Metal hydrides form a large variety of compounds with diverse structures, bonding types, and chemical properties. While some of these hydrides are only of purely academic interest – others are used on a large industrial scale. The industrial use of hydrides has been growing over the last decades and Albemarle has acquired broad know-how in the manufacture and handling of commercial quantities.
A good review on the variety of hydrides is given in an article in Ullmann’s Encyclopedia of Industrial Chemistry1.
At high temperatures (600 - 1000 °C), calcium hydride is a very strong reducing agent capable of reducing many metal oxides to pure metals. It is often used as a very efficient drying agent for organic solvents and gases. Mostly inert in combination with organic substances at normal temperatures, and being a rather weak condensation agent, calcium hydride can be used for drying ketones, esters, amines, halogenated hydrocarbons, higher alcohols, and phenols. CaH2 can be used as a hydrogen source because it is a hydrogen storage easy to transport. Another field of application is the determination of the water content in diesel fuel or kerosene. CaH2 is also used to determine the water content in plastic granules.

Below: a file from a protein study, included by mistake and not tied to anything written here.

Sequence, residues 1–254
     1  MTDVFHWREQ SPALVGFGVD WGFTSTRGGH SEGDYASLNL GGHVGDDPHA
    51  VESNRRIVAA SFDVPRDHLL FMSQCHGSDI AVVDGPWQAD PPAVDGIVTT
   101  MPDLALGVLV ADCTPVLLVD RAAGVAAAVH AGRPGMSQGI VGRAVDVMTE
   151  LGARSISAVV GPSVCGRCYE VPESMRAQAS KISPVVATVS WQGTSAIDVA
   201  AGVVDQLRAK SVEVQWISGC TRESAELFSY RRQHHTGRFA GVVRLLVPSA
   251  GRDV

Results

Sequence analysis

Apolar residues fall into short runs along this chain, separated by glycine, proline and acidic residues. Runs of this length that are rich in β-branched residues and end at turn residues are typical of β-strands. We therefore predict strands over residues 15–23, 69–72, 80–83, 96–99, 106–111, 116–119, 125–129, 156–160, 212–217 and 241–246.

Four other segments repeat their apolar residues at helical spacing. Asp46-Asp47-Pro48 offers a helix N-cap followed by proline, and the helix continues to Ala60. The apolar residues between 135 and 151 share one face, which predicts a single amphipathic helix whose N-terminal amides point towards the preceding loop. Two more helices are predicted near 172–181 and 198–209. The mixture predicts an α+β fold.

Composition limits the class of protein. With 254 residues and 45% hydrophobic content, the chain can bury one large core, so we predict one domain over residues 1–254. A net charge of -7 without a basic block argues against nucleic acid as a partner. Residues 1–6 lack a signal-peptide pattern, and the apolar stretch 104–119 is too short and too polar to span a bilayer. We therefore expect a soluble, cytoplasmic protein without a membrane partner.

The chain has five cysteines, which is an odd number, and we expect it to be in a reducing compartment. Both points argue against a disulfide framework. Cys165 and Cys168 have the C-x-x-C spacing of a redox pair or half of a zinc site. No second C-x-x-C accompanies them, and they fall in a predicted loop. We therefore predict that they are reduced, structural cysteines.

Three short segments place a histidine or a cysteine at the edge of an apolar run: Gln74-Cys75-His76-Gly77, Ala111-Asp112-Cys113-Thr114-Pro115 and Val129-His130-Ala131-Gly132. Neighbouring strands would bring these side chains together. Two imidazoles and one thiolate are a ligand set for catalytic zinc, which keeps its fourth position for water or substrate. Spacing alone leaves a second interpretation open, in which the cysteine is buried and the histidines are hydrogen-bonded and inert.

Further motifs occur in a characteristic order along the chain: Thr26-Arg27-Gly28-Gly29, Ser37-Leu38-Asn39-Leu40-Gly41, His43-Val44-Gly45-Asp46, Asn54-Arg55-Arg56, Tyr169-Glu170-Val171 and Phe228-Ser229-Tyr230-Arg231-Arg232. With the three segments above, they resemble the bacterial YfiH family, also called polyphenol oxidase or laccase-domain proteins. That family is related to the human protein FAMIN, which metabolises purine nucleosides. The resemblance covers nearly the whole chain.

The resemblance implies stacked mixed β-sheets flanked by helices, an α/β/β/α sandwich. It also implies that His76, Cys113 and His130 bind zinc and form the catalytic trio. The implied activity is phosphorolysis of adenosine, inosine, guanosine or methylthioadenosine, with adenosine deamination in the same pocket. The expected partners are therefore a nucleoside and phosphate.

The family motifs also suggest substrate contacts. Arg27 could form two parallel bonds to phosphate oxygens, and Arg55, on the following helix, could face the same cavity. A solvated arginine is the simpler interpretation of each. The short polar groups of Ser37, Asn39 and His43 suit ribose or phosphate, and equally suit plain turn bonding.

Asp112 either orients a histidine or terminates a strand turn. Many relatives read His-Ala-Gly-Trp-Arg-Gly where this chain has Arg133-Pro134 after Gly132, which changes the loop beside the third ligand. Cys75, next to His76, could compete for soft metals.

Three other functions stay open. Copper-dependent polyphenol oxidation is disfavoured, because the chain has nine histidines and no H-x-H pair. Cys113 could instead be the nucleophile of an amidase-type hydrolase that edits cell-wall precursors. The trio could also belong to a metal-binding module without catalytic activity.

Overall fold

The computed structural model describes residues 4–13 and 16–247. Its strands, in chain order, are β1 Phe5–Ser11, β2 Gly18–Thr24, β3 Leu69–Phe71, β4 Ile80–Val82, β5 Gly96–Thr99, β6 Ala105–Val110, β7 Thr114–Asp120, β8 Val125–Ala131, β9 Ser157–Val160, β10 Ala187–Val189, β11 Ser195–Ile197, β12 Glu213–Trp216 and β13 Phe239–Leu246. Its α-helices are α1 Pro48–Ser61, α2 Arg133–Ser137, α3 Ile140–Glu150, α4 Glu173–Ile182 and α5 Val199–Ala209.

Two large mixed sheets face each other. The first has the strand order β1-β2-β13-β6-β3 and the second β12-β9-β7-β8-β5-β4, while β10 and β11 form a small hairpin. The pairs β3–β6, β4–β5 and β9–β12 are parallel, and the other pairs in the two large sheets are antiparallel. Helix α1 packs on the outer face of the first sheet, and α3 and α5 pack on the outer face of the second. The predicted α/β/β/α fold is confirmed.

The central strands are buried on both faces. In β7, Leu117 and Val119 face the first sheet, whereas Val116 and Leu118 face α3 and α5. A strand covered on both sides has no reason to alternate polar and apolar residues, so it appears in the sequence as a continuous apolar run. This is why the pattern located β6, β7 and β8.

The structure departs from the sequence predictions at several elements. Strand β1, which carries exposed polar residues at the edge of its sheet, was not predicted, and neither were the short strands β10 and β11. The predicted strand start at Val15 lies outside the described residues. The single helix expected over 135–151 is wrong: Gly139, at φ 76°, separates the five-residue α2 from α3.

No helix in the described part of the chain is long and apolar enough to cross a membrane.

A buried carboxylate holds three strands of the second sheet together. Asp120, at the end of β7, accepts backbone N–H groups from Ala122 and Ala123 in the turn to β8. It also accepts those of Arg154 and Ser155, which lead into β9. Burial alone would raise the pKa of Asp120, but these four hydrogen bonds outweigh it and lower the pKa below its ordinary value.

Mixed with oxidizing agents, HfH2 is used as a constituent part in compositions for flares, fuzes, and combustion charges in pyrotechnics. HfH2 will also be used as an alloying constituent in powder metallurgy.
Lithium forms ionic hydrides because of the strong electropositive character of the cation. In general they are not used as reducing agents but as strong bases in organic chemistry. Lithium hydride is used in limited quantities to manufacture high-purified monosilane and as a hydrogen source for various purposes.
TiH2 is applied in airbag igniter mixtures. TiH2 increases coercivity when used for the production of AlNiCo, FeNiCoAlCu, and Ticonal sintered magnets. It is also used in the production of Ti alloys and semi-finished sintered products, both as a deoxidizing agent and for the absorption of carbon in powder metallurgy. Other applications are soldering ceramics or glass to metals, and titanium hydrides representing a hydrogen source for foaming metals.
Mixed with oxidizing agents ZrH2 will be used as a constituent part in compositions for flares, fuzes and combustion charges in pyrotechnics. As a binder or brazing component for grinding agents, carbides, ceramics, and metal in abrasive wheels and polishing disks. ZrH2 is also applicable as a hydrogen source for foaming of metals.For the production of highly effective getters and as an alloying constituent part ZrH2 will be used in the powder metallurgy